Tom Robbins’ “Jitterbug Perfume” might be a surprising book to see reviewed on the faith and values website. But I think it is quite appropriate.
His 1984 opus about immortality – or ultimately mortality – follows two
people who decide not to die and their friend Pan, the goat god.
The book’s central question is: What is it about death that we find so terrifying?
There was the wonderful joke circulating several years ago about the Pope traveling in an armored car. The joke was if he was scared to die – what did that say to the rest of us?
Robbins’ readers are familiar with his lyric use of word play that comes alive on the page. Through Alobar and Kudra seeking immortality, Robbins does ask questions about what real immortality is?
Is it avoiding death? Or is it making a lasting contribution to society for which you will be remembered ever after?
Alobar and Kudra have found the secret to avoiding death through a series of breathing exercises, diet and bathing rituals- all of which sound a lot like yoga. “Jitterbug Perfume” explores many of the questions westerners have about eastern philosophy and its realistic applications while weaving in healthy doses of comparative mythology.
In the book, deities survive only as long as people believe in them, so after several thousand years, when Pan’s following has faded, people can’t see him anymore. They can only smell him. Or to adapt from General Douglas MacArthur, another person concerned with the questions of immortality or mortality – “Old Gods never die; they just fade away.”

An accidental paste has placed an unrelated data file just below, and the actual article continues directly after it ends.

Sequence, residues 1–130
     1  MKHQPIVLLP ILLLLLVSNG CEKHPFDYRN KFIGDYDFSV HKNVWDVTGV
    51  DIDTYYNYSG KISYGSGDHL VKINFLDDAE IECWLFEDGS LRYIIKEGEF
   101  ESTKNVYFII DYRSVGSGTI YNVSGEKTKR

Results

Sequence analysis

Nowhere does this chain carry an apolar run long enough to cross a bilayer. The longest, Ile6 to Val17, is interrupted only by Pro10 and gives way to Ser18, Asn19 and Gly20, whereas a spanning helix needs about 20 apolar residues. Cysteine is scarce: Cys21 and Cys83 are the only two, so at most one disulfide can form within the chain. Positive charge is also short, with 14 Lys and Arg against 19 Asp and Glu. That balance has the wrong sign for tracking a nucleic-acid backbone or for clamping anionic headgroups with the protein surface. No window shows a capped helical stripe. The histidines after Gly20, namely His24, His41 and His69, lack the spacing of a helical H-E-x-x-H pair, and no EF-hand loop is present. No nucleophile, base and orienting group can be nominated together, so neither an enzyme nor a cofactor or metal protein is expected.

As with many books from this period of Robbins’ writing, lust and embracing our visceral desires plays a big role in not only the character’s lives but their ultimate successes or failures in their quest. The presence of Pan, a deity who encouraged and enjoyed such celebrations himself, as a main character in this book also leads to comparisons about how modern Protestants interpret not only deity, but also the expected code of behavior by that deity and its followers.
Robbins is an unabashed hedonist in both his writing and his lifestyle. In “Jitterbug Perfume,” that shines through with a beautiful and delicate passion. Many of his books celebrate mythologies and cosmologies different than the monotheistic world he and many of his readers grew up in. He time travels across the page to visit places he would like to see and many of us never imagined were possible.
What is the life of an old Greek God like in late 20th century New Orleans? It’s not a question that keeps many people up at night, but it’s a fascinating one to answer.
For an affirming, delightful and entirely sideways look at this planet through the last 1,000 years, pick up a copy of “Jitterbug Perfume.”